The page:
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Rethinking Needs vs Wants

The deep internal drivers of our character’s actions.

David Gane
David Gane
1 min read

I’ve often been bullish against the difference between want, need, and desire in storytelling.

Will Storr says in The Science of Storytelling:

It’s not uncommon for a character to want something on the conscious level and yet subconsciously need something entirely different... Although these complex protagonists are unaware of their subconscious need, the audience senses it, perceiving in them an inner contradiction. The conscious and unconscious desires of a multidimensional protagonist contradict each other. What he believes he wants is the antithesis of what he actually but unwittingly needs.

Meanwhile, John Truby says:

The need is what the hero must fulfill within himself in order to have a better life. It usually involves overcoming his weaknesses and changing, or growing, in some way.


Desire is what your hero wants in the story, his particular goal... Desire is the driving force in the story, the line from which everything else hangs.

In the past, I’ve never wanted to overcomplicate the terms. Yet, after reading The Coaching Habit by Michael Bungay Stanier, I have changed that opinion.

In it, he distinguishes wants and needs:

Want: I’d like to have this.
Need: I must have this.

He discusses Marshall Rosenberg, the creator of Nonviolent Communication (NVC), a model that “helps people to exchange the information necessary to resolve conflicts and differences peacefully.”

In Rosenberg’s model, wants are the surface requests, the tactical outcomes we’d like from a situation... 

Needs go deeper, and identifying them helps you pull back the curtain to understand the more human driver who might be behind the want.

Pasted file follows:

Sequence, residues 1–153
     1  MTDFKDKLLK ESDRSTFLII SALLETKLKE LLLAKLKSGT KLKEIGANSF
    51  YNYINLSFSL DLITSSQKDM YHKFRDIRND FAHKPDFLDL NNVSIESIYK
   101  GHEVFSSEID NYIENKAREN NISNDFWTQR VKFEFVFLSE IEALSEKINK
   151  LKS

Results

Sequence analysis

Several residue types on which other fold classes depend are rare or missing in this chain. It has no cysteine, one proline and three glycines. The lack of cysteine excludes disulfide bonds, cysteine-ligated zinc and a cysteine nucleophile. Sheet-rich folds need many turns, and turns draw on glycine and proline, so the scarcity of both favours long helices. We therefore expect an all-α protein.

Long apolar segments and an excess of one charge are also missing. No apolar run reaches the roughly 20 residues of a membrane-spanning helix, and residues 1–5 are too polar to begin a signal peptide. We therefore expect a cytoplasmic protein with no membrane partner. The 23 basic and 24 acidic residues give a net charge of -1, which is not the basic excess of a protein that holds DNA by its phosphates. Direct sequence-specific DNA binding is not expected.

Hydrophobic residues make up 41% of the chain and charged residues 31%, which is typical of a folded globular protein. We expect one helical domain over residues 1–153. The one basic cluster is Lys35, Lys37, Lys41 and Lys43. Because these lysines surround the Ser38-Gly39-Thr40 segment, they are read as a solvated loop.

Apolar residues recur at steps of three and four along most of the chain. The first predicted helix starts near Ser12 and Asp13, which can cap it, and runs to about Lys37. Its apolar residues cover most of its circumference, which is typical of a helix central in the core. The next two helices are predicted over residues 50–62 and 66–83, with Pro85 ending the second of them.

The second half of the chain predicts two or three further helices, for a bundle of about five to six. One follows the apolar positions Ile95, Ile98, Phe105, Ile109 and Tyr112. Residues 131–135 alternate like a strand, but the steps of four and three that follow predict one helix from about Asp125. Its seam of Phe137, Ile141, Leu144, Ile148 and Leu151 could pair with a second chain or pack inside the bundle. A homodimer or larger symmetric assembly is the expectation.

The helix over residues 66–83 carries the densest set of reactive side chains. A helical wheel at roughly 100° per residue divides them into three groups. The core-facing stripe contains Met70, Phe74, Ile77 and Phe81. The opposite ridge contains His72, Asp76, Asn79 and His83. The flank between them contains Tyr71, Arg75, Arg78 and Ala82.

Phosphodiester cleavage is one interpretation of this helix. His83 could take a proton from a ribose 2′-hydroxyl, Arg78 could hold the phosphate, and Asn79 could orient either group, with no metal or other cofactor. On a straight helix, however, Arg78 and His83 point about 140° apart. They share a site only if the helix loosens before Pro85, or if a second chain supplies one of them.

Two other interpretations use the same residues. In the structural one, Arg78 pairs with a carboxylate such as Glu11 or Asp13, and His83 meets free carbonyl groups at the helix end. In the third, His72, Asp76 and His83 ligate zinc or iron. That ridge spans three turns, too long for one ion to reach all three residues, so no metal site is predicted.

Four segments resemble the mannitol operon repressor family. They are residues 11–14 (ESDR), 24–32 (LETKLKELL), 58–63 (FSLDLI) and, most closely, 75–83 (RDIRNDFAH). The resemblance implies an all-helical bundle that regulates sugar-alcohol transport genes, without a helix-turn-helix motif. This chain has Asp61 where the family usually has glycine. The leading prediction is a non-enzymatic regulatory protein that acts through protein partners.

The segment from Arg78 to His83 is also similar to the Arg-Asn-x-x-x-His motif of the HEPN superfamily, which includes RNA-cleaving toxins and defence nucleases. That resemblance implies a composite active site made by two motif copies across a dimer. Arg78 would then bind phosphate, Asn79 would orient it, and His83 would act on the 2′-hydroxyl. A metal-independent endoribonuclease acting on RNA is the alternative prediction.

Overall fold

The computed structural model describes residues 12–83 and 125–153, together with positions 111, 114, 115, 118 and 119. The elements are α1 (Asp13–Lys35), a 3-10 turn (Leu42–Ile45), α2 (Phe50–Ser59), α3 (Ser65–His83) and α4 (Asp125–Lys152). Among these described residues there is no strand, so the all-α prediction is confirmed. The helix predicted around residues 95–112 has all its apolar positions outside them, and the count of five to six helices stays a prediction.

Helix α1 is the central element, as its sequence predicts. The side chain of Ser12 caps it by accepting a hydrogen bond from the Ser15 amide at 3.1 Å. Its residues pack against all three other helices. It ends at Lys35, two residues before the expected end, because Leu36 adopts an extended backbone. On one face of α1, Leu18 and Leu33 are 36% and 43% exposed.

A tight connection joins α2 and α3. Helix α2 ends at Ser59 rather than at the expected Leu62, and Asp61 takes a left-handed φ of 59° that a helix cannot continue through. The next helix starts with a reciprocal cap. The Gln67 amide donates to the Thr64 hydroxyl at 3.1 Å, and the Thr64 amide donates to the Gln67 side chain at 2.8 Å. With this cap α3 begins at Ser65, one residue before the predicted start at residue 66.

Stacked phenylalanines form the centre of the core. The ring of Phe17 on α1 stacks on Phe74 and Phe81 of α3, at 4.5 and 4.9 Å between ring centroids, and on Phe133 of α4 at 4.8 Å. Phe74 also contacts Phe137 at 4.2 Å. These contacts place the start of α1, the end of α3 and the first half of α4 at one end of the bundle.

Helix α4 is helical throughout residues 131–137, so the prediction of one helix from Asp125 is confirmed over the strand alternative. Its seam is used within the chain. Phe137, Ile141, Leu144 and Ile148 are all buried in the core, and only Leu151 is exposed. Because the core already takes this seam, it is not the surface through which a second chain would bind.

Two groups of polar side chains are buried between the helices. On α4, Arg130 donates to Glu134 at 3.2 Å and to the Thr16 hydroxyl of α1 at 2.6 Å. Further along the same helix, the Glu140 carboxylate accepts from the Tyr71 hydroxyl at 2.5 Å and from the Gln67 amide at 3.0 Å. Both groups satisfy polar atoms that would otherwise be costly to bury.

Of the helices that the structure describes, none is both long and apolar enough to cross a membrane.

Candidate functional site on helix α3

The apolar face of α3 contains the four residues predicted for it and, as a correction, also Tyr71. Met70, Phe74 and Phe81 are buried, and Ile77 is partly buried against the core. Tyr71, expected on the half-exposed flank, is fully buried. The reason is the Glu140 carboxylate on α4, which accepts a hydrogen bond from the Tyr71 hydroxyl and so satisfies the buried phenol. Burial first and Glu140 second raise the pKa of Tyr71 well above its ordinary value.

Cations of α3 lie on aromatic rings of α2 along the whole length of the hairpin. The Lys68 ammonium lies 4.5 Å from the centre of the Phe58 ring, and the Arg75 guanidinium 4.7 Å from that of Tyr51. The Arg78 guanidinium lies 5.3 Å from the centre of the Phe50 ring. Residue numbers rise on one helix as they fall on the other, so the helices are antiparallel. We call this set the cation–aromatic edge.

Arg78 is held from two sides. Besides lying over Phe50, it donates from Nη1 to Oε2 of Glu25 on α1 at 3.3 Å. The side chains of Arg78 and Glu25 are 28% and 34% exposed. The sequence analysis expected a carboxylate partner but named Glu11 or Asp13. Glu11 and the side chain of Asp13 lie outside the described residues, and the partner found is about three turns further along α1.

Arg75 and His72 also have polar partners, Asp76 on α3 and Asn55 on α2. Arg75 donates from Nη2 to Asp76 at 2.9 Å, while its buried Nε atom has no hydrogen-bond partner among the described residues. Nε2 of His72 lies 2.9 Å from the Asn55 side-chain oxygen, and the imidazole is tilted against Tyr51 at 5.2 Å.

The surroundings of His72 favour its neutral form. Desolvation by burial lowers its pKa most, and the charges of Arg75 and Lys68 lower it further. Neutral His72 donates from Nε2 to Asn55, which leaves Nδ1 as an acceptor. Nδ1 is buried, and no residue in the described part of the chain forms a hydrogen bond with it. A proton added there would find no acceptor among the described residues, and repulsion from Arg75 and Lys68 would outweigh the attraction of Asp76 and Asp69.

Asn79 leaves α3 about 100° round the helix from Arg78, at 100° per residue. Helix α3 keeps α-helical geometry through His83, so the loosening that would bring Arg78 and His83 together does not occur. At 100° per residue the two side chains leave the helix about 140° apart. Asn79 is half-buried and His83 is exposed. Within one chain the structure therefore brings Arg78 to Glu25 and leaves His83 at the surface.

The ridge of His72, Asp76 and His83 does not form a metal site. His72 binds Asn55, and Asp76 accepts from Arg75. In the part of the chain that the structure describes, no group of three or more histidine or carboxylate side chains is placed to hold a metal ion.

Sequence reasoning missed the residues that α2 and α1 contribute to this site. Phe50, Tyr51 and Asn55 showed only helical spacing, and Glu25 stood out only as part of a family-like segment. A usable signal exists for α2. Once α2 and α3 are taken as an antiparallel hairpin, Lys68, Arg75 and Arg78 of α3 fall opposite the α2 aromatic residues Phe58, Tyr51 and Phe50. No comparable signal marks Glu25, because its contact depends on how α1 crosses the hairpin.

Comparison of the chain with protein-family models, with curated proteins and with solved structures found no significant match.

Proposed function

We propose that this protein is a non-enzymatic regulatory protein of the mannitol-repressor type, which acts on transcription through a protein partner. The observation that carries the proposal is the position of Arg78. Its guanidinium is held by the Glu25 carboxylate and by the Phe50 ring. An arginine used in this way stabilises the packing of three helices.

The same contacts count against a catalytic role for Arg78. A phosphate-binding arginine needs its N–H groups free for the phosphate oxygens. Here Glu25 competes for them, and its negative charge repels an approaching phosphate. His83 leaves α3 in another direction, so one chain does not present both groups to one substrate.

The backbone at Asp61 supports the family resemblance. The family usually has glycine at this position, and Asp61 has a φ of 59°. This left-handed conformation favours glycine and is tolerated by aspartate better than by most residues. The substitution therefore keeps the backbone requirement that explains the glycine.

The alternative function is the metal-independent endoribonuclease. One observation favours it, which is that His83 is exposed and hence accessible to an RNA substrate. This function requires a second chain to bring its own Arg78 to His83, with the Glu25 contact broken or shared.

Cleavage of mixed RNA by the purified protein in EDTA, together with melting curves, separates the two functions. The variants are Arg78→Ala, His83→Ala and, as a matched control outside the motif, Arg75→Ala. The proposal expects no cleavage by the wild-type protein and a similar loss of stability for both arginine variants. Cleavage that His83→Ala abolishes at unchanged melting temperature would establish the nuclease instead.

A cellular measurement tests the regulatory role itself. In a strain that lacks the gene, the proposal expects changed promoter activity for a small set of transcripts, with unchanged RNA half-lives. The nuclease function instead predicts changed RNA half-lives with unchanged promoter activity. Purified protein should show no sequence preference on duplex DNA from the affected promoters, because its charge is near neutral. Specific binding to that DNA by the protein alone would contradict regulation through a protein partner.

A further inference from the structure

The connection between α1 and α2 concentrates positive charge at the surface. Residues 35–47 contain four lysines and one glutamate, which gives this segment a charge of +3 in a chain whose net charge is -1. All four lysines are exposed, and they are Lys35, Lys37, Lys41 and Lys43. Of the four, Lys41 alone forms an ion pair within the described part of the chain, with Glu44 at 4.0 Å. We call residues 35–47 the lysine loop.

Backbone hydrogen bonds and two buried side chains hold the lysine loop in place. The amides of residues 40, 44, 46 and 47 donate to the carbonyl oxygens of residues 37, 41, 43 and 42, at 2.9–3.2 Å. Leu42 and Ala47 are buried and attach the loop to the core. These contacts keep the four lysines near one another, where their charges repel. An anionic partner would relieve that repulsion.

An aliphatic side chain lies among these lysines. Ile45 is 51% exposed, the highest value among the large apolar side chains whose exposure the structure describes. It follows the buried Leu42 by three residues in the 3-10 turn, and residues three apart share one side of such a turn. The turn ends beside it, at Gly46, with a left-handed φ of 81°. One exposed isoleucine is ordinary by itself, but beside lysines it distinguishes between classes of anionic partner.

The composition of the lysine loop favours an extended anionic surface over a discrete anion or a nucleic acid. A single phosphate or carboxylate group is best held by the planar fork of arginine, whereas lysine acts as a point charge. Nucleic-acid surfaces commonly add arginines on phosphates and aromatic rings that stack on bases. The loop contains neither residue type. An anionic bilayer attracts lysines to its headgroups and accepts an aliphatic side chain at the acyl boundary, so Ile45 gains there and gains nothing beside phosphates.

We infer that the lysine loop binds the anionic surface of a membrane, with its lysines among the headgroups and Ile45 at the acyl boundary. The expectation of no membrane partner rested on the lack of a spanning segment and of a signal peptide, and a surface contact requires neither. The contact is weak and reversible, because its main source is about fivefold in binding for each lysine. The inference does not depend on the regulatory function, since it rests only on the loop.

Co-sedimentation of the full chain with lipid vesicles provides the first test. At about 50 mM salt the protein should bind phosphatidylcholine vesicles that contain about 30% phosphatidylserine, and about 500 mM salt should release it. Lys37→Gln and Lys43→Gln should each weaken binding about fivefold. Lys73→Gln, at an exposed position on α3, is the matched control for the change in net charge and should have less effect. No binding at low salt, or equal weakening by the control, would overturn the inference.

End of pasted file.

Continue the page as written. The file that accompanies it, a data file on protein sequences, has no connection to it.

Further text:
Based on the work of economist Manfred Max-Neef, Rosenberg originally stated nine categories of needs:

  1. affection/love
  2. creation
  3. recreation/celebration
  4. freedom/autonomy
  5. identity/purpose/meaning
  6. understanding/competence
  7. participation/belonging
  8. protection/security/peace
  9. subsistence/basic survival

And when those needs aren’t met, a whole host of emotional responses occur, which lead to deep-seated problems for people: fear, anger, confusion, disconnectedness, aversion, sadness, yearning, being guarded, and so on.

Storytelling is about the human experience. About characters wanting something and taking actions to get it. Many stories are about characters confronting these challenges and, hopefully, being made whole again.

So thanks to Stanier’s book, I’ve come to accept the significant difference between needs and wants—especially when I recognize them as the deep internal drivers of our character’s actions throughout the story.


David Gane Twitter

Co-writer of the Shepherd and Wolfe young adult mysteries, the internationally award-winning series, and teacher of storytelling and screenwriting.


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